Small treasures offering inimitable charm and scenery, abundant wildlife, and a broad range of alternatives capable of meeting everyone’s entertainment needs, these towns will not disappoint.

Kitsch:  “Sentimentally charming, tacky and fun all rolled up in one. One catch with kitsch is that you’re never quite sure if it’s supposed to be serious or not. It’s that uncertainty that is amusing. Kitsch is melodramatic, overdone, gaudy and tacky or sentimental and folksy. It’s so bad that it’s cool.”  Yes, please. 

Map of the 5 Yellowstone entrances

Map of the 5 Yellowstone Entrances

** Exploring Yellowstone’s entrances and the towns anchoring them, takes homework.  The North Gate entrance in Gardiner, Montana is the only entrance that’s fully accessible and open year-round.  

West Yellowstone, Montana: West Gate Entrance

In 1905, E.H. Harriman, president of the Union Pacific Railroad, and Frank J. Haynes, president of Monida & Yellowstone Stage Line met in the area of West Yellowstone for a tour of the Park. Afterwards, Harriman constructed a railroad branch from St. Anthony, Idaho to the west entrance of the national park. By December 1907 the tracks were laid and when the snow pack melted, the first tourists made their way to the Park through this entrance in June 1908. Each summer, the “Yellowstone Special” train made trips daily from Salt Lake City to West Yellowstone. West Yellowstone developed around this flow of tourists.  For reference, park tourists had already begun entering the North Gate from Gardiner, Montana in 1903. 

When you get to West Yellowstone, park the car.  The town is compact and meandering friendly.  

Not To Be Missed — Strolling, huckleberry ice cream, the Union Depot Dining Hall, and the Yellowstone Historic Center Museum.

West Yellowstone airport (WYS) is open to commercial flights (Delta) from June 1 – September 30. 

For 2019, this entrance opens April 19. 

 

sign for entering West Yellowstone, Montana

Fun Times Ahead

 

sign for huckleberry ice cream

Snacks and Kitsch

 

a cone of huckleberry ice cream

Out of Focus Huckleberry Ice Cream, In Focus Bare Feet

 

Jackson, Wyoming:  South Gate Entrance 

It’s easy to believe you’ve reached Yellowstone National Park when you haven’t — you’re still in Grand Teton National Park. Beauty begets beauty so the confusion is understandable. Grand Teton National Park begins about five miles north of Jackson on 191/89. The physical entrance gates to Grand Teton National Park are at Moose Junction, 12 miles north, and/or Moran Junction, about 30 miles north of Jackson.  The south entrance of Yellowstone National Park is about 50 miles north of Jackson on 191 (for reference, Old Faithful is approximately 40 miles further).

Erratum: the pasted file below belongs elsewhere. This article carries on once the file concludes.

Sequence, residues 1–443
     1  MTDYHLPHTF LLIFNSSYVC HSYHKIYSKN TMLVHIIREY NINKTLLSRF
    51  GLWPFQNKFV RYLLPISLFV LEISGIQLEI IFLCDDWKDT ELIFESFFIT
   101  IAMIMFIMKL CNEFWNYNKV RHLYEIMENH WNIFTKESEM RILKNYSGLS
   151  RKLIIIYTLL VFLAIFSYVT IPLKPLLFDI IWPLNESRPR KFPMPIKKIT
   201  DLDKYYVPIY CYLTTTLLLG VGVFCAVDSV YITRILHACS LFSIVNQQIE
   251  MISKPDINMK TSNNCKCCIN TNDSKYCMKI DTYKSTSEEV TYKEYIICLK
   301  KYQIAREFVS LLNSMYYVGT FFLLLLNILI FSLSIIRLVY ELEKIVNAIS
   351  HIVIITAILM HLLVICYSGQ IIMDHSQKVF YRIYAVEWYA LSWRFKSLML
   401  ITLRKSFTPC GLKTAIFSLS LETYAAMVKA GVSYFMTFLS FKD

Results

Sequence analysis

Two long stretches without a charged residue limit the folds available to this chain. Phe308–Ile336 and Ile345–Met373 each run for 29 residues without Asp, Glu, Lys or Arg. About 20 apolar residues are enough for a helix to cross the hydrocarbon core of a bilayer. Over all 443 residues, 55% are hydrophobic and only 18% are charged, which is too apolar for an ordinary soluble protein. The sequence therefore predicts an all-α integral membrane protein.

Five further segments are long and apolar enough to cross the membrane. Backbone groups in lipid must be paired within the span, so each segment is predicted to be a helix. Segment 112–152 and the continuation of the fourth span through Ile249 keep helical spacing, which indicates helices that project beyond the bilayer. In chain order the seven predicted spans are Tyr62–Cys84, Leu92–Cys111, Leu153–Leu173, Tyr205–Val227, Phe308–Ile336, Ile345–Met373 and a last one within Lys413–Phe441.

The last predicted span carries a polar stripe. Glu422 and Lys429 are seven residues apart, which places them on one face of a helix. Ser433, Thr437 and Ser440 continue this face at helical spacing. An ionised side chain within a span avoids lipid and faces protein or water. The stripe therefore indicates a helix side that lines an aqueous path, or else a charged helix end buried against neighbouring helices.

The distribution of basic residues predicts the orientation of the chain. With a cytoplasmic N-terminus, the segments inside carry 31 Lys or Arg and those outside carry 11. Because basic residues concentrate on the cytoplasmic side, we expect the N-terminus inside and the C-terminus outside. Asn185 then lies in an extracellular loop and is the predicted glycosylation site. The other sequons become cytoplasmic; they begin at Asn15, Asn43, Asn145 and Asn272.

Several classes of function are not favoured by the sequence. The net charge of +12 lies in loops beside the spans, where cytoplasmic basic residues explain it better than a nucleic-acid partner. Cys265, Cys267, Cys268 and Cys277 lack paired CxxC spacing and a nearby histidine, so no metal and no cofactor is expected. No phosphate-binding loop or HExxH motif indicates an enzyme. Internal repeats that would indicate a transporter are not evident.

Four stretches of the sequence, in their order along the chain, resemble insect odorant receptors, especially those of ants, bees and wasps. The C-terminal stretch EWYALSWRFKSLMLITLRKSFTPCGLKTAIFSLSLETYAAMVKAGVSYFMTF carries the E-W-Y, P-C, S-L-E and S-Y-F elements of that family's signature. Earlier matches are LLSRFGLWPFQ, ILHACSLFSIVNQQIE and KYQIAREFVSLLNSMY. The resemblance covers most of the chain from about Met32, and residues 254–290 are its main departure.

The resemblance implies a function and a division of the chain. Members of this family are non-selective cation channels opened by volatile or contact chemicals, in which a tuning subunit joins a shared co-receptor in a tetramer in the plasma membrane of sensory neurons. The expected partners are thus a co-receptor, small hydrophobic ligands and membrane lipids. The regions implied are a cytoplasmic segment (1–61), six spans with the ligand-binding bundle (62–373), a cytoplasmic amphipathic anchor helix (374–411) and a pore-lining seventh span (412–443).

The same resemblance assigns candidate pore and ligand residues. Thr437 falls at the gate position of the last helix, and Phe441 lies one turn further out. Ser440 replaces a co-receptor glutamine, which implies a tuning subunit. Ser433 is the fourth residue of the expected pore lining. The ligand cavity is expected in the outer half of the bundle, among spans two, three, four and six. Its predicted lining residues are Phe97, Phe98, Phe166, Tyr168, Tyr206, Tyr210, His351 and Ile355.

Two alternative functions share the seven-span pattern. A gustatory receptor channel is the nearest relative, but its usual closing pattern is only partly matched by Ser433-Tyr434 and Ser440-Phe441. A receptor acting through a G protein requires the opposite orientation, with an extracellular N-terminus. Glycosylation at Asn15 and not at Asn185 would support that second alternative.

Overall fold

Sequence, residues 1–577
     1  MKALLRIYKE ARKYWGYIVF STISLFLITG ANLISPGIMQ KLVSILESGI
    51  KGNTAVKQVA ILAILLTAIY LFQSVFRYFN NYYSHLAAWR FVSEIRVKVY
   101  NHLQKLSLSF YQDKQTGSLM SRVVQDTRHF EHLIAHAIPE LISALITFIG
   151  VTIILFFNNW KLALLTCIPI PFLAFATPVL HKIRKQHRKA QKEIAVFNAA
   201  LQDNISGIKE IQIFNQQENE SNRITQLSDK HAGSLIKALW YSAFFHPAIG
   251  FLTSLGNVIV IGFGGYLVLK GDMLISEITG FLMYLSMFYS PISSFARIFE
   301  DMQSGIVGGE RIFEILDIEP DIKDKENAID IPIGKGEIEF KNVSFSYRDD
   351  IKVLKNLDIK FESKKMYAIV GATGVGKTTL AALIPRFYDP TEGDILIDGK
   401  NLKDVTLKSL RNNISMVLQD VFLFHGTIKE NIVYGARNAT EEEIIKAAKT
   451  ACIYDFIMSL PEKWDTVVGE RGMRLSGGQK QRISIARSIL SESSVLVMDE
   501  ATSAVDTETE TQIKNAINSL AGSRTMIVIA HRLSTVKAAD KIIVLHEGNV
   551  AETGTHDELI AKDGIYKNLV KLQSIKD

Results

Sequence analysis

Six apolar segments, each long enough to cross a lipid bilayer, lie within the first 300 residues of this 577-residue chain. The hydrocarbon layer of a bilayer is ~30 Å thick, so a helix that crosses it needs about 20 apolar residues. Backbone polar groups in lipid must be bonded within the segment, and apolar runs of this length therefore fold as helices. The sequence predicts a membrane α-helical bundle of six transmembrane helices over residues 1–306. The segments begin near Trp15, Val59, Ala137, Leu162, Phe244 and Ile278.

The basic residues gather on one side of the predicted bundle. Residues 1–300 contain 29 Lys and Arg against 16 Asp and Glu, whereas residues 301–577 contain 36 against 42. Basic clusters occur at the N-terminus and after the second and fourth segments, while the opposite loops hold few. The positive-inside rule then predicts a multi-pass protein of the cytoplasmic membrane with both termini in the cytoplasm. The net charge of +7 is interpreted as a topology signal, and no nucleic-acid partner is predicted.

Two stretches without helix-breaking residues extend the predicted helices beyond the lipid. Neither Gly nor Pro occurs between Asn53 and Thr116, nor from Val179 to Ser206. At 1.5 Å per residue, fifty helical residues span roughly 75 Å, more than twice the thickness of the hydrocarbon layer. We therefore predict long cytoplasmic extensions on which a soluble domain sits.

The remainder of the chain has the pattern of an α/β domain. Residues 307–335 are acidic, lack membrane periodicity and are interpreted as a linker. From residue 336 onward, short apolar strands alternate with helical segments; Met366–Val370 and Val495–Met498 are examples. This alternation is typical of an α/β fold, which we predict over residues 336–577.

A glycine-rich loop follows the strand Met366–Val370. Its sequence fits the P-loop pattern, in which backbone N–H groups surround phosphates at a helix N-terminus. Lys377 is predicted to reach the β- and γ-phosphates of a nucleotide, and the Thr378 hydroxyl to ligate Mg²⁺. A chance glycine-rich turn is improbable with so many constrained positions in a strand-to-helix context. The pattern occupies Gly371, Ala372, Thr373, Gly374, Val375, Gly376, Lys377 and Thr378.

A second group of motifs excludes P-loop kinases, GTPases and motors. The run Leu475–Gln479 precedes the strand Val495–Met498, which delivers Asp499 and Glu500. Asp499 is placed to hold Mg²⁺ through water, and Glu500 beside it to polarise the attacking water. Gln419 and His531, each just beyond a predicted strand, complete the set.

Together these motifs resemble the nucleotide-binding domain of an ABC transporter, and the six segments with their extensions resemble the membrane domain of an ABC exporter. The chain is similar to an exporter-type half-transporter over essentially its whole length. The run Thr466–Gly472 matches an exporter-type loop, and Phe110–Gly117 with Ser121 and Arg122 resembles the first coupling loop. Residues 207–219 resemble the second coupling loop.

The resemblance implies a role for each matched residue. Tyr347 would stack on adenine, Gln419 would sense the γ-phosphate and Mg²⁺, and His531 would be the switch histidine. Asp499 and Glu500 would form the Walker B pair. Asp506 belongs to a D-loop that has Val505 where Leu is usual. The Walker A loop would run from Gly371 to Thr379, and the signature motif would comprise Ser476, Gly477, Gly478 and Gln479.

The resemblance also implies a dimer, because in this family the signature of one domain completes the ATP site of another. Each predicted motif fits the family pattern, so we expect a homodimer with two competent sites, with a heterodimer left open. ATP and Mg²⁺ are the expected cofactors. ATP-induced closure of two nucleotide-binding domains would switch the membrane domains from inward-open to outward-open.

Since we’re talking about Jackson in the context of Yellowstone’s South Entrance, in the fall (my favorite time of year there), you may be able to drive a distance towards Yellowstone from Jackson, but that entrance closes in October.  This area can see snowfall in the range of 300 inches over the winter season.  Which means if you don’t do your homework and you wind up in Jackson desiring to drive to Yellowstone after the entrance closes, you’ll have to drive west into Idaho, then north into Montana, east to Livingston (yep, all the way to Highway 90) and finally, south to Gardiner (the West entrance is closed for the winter as well so don’t go knocking on that door). Gardiner, Montana is home to the North Gate and the only Yellowstone entrance that’s open year-round.  Do your homework. The trip is about 200 miles of brutal driving. In other words, throw a kiss at Yellowstone because you won’t be seeing it until spring. One qualification, you can get enter the South entrance with a snowmobile.  

Jackson Hole’s airport (JAC) is open year round to commercial flights, typically Delta, United and Skywest, with occasional/seasonal flights available from American.

For 2019, this entrance opens May 10 and generally closes in October. 

50 Things To Do in Jackson Hole and Grand Teton National Park

 

antler arches Jackson Hole Town Square

Antler Arches Jackson Town Square

 

stagecoach driver

Jackson Hole Stagecoach

 

western bluebird on a post at the base of the Tetons

Western Bluebird

 

atlas view map of Jackson Hole and Yellowstone area

Map of Jackson Hole & Yellowstone are

Cody, Wyoming: East Gate Entrance 

Cody’s offerings pivot around its progenitor Buffalo Bill Cody.  Which means one thing – you’re in for a show. Buffalo Bill’s Wild West Show ran for 30 years, making him the most famous entertainer in the world in the early 1900s.  Set aside plenty of time for your  52 mile drive from Cody to Yellowstone National Park.  President Theodore Roosevelt called it “the 50 most scenic miles in the world.”